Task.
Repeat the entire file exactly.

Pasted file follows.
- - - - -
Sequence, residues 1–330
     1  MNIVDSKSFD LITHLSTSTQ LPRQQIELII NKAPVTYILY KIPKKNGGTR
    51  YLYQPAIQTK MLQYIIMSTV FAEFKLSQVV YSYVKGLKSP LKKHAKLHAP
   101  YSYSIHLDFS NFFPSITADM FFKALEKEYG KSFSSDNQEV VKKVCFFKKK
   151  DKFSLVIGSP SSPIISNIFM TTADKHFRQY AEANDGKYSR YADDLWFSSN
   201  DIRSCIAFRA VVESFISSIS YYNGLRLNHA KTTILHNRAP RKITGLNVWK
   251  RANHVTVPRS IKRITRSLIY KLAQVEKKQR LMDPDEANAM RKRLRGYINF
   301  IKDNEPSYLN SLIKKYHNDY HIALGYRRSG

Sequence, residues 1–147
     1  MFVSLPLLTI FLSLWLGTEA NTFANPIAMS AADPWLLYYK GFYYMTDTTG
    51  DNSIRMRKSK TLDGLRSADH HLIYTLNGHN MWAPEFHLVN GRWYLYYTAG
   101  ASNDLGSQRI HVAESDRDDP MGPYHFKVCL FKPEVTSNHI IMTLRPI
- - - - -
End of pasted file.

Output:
Sequence, residues 1–330
     1  MNIVDSKSFD LITHLSTSTQ LPRQQIELII NKAPVTYILY KIPKKNGGTR
    51  YLYQPAIQTK MLQYIIMSTV FAEFKLSQVV YSYVKGLKSP LKKHAKLHAP
   101  YSYSIHLDFS NFFPSITADM FFKALEKEYG KSFSSDNQEV VKKVCFFKKK
   151  DKFSLVIGSP SSPIISNIFM TTADKHFRQY AEANDGKYSR YADDLWFSSN
   201  DIRSCIAFRA VVESFISSIS YYNGLRLNHA KTTILHNRAP RKITGLNVWK
   251  RANHVTVPRS IKRITRSLIY KLAQVEKKQR LMDPDEANAM RKRLRGYINF
   301  IKDNEPSYLN SLIKKYHNDY HIALGYRRSG

Sequence, residues 1–147
     1  MFVSLPLLTI FLSLWLGTEA NTFANPIAMS AADPWLLYYK GFYYMTDTTG
    51  DNSIRMRKSK TLDGLRSADH HLIYTLNGHN MWAPEFHLVN GRWYLYYTAG
   101  ASNDLGSQRI HVAESDRDDP MGPYHFKVCL FKPEVTSNHI IMTLRPI